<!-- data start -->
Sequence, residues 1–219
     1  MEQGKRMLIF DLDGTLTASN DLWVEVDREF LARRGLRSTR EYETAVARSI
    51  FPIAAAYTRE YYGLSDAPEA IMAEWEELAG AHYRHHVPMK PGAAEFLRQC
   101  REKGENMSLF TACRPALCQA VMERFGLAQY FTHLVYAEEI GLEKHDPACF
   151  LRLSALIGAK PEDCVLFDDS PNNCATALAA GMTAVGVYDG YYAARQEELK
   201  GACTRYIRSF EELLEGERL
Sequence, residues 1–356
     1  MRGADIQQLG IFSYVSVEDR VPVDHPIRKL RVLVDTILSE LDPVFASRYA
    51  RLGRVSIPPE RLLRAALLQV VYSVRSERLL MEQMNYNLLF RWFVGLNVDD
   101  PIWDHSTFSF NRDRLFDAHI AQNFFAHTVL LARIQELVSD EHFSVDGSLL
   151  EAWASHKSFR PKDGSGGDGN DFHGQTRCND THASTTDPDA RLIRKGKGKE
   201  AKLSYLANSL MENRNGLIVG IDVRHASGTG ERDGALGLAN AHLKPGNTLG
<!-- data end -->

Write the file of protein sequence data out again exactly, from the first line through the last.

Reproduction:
Sequence, residues 1–219
     1  MEQGKRMLIF DLDGTLTASN DLWVEVDREF LARRGLRSTR EYETAVARSI
    51  FPIAAAYTRE YYGLSDAPEA IMAEWEELAG AHYRHHVPMK PGAAEFLRQC
   101  REKGENMSLF TACRPALCQA VMERFGLAQY FTHLVYAEEI GLEKHDPACF
   151  LRLSALIGAK PEDCVLFDDS PNNCATALAA GMTAVGVYDG YYAARQEELK
   201  GACTRYIRSF EELLEGERL
Sequence, residues 1–356
     1  MRGADIQQLG IFSYVSVEDR VPVDHPIRKL RVLVDTILSE LDPVFASRYA
    51  RLGRVSIPPE RLLRAALLQV VYSVRSERLL MEQMNYNLLF RWFVGLNVDD
   101  PIWDHSTFSF NRDRLFDAHI AQNFFAHTVL LARIQELVSD EHFSVDGSLL
   151  EAWASHKSFR PKDGSGGDGN DFHGQTRCND THASTTDPDA RLIRKGKGKE
   201  AKLSYLANSL MENRNGLIVG IDVRHASGTG ERDGALGLAN AHLKPGNTLG